AI Progress in Japan | Towards AI
Why is the Progression of Japan’s AI Slow?
The die is cast…
AI and deep learning are not just “buzz words.” These technologies have been coming to cause an impact in the real world, especially in industry, i.e., automation, prediction, perception, and so on.
From a global point of view, the country leaders progressing in AI are the US and China, yet what about the next Asian tiger? Japan is struggling with implementing AI, machine learning, and deep learning technology advancements to the business world. Which it’s been caused by Japanese traditional business schemes for promotion, hiring, and management systems. This traditional system prevents Japan’s enterprises from generating new AI ideas, implementation, and so-on.
This article will try to unveil the hidden Japanese stacking reasons for accepting AI technology advancements in the business world.
AI World Top 2; the US and China — Any possibility for Japan?
Dr. Kai-Fu Lee, the author of “AI Superpowers,” is one of the world’s most respected experts on AI. His meaningful work has been fountained from his China-oriented experiences and education in America. This inspiring book tells us the AI realization level in the US and China as below.
China is following the US in terms of Business AI and Autonomous AI; however, it will undoubtedly grow against the US within five years. The more dramatic change will happen in Internet AI, Perception AI, and Autonomous AI to catch up and beat the US. For a long time, China had been an excellent hardware production base, creating IC or converters to support the 1980s’ manufacturing in Japan though, we would say one sad news for the Japanese is that they had surrendered the position as an AI leader to China at all. Of course, more and more Japanese enterprise companies have tried to generate innovations with AI/deep-learning technologies robust, most of them are genuinely stacking for it.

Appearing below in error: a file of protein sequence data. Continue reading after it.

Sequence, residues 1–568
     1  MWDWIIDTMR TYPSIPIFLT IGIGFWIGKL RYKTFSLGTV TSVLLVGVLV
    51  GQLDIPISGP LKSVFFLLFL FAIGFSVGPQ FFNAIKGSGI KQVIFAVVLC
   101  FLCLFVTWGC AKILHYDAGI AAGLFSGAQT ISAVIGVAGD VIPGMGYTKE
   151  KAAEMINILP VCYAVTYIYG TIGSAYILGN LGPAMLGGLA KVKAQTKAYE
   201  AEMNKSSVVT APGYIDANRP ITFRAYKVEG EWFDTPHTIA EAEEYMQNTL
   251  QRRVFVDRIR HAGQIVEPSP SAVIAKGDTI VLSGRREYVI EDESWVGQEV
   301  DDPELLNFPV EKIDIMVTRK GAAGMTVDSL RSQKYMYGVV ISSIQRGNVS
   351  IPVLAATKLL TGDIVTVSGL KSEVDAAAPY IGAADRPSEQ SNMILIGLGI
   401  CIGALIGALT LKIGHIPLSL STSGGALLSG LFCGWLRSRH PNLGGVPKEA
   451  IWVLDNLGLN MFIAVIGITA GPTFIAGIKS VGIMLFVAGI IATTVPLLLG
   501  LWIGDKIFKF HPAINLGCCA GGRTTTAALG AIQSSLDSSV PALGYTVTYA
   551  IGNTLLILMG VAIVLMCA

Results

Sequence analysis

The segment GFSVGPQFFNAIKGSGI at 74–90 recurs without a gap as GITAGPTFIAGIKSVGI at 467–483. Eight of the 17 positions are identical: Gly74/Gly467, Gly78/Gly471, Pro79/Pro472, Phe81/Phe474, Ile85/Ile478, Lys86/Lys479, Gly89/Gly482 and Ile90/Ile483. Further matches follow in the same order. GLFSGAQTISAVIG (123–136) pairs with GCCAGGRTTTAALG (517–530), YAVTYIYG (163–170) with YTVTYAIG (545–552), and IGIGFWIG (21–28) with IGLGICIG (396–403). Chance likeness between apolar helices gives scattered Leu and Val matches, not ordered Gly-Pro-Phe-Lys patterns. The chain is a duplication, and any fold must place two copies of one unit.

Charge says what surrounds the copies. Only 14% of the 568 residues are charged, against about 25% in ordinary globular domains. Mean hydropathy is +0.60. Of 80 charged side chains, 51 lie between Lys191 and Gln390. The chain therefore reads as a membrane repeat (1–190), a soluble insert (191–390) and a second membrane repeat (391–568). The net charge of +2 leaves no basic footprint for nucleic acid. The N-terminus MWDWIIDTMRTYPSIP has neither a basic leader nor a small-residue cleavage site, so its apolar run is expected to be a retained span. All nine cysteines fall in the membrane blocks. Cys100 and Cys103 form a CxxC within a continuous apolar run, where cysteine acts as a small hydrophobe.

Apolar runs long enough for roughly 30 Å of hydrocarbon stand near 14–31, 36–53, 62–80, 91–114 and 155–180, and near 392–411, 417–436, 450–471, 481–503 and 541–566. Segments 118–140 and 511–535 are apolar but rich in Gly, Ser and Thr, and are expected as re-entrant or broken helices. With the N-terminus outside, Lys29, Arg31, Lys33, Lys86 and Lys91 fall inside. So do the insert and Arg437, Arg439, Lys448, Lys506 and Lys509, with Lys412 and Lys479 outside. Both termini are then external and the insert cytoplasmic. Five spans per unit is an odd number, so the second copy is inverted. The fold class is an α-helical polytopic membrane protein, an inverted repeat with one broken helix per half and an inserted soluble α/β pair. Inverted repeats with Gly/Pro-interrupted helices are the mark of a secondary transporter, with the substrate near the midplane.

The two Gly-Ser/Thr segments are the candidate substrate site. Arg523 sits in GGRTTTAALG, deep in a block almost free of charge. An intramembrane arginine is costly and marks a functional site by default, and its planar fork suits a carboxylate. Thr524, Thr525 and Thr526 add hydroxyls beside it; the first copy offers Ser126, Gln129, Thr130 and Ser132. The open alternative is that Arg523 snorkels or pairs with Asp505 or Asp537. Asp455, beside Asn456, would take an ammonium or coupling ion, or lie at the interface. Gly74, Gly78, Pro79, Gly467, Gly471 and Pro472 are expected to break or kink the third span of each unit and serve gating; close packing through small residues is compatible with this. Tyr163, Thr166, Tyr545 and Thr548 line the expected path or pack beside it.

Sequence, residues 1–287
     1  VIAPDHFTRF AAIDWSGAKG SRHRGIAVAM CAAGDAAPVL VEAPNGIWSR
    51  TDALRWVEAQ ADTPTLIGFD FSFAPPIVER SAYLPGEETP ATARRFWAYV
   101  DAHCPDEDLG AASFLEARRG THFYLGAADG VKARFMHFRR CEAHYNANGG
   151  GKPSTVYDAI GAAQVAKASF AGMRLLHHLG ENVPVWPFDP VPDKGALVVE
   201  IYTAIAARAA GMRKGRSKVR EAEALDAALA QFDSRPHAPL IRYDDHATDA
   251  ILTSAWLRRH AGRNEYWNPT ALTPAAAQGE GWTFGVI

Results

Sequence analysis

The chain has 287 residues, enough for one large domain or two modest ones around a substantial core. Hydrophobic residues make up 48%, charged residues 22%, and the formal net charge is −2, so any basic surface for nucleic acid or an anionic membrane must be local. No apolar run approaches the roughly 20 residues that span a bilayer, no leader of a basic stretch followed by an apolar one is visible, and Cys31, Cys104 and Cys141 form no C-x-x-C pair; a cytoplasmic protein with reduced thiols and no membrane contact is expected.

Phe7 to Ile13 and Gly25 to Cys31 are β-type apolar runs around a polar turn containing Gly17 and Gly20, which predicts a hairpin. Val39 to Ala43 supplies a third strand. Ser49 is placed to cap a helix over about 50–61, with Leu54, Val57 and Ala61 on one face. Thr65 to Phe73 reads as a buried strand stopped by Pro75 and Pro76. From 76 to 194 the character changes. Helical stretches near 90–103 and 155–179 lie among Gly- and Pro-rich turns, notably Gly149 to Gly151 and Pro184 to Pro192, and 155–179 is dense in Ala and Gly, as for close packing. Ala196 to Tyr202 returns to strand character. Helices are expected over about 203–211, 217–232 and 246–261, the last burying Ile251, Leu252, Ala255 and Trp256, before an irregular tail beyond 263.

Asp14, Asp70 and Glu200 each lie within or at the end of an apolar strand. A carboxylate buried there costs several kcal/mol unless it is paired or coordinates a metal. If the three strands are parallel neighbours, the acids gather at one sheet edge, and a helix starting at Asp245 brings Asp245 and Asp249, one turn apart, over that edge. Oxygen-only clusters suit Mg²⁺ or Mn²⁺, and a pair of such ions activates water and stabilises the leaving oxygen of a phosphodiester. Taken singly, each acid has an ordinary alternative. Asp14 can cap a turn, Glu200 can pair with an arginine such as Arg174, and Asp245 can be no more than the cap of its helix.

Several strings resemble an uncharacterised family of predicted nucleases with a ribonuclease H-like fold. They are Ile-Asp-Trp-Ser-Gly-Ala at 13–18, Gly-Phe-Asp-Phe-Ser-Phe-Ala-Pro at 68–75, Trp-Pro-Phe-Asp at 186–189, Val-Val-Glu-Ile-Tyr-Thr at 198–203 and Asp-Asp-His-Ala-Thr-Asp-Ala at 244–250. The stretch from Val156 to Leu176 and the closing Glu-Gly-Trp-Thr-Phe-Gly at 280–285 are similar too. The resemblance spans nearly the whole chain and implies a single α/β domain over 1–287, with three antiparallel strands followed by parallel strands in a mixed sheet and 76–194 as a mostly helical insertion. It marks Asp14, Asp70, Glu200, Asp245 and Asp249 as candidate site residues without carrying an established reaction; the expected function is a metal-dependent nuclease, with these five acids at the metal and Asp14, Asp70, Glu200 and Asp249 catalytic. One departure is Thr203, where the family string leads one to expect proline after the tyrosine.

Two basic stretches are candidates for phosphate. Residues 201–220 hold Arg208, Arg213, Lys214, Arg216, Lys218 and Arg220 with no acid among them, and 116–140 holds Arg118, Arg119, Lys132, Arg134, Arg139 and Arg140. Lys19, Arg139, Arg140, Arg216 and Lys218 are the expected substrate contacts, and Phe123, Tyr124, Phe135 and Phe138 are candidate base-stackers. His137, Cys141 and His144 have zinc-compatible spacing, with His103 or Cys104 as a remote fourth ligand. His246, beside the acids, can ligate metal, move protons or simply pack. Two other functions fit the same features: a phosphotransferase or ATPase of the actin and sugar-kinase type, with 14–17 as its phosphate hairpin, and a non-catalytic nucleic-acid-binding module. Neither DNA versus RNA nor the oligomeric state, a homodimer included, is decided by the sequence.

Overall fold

Dr. Yutaka Matsuo is famous as one of the academic AI researchers in Japan, working as a professor at the University of Tokyo (UT) and contributing to artificial intelligence, especially on deep learning and data mining. He clearly stated one point of view that in the book by Dr. Kai-Fu, Japan has never mentioned about entirely, and that is the problem for Japan. This means Japan does not get on to the same stage with the US and China about AI / deep learning practical use for industries. Although Dr. Matsuo believes that Japan will be able to speed up and be stronger in Perception AI and Business AI fields in the future, it might take a long time to achieve.
Does a Japanese old fashion scheme lead to slow AI?
Have you ever heard about the Japanese seniority/lifelong employment or mass hiring for new graduates in Japan? These are not based on personality knowledge and skills for individuals and estimate them as “how many years have you stayed and contributed for companies?” (it means the longer is better) And “Can you have loyalty for a company?”. These old schemes have been lasting since the 1960s.
These traditional rules kill a high generation with cutting-edge technologies. Thus, in May 2019, the head chief on Japan Business Federation, Hiroaki Nakanishi declared these legacies should be changed in a few years. The lifelong employment allows many management people who are conservative to change with AI / deep learning to stay longer in companies and prevents young incubators from releasing great ideas. If the Japanese HR system changes drastically, it will help the managers change the mindset and open for technologies.
On the other hand, a hopeful change has happened in Japan. Itochu Corporation is one of the biggest and traditional trading companies. The giant company announced to build a small brand-new division for the market in incubation, comprising with only 40 young employees. And they are all ambitious, under 30-year-old and empowered to try innovative projects. This is believed for Itochu to get fresh air for a market-oriented perspective and utilize new technologies like AI/deep learning for the business more.
Many powerful East Asian countries surround Japan. To catch up with them and generate more, there is no choice but to circle back and look at Japanese organizations’ traditions first to come up with better strategies to take advantage of AI-technologies in business. Yes, the die has been cast.
We’ll keep an eye for technological challenges and changes in Japan.
This article was originally published on Towards AI.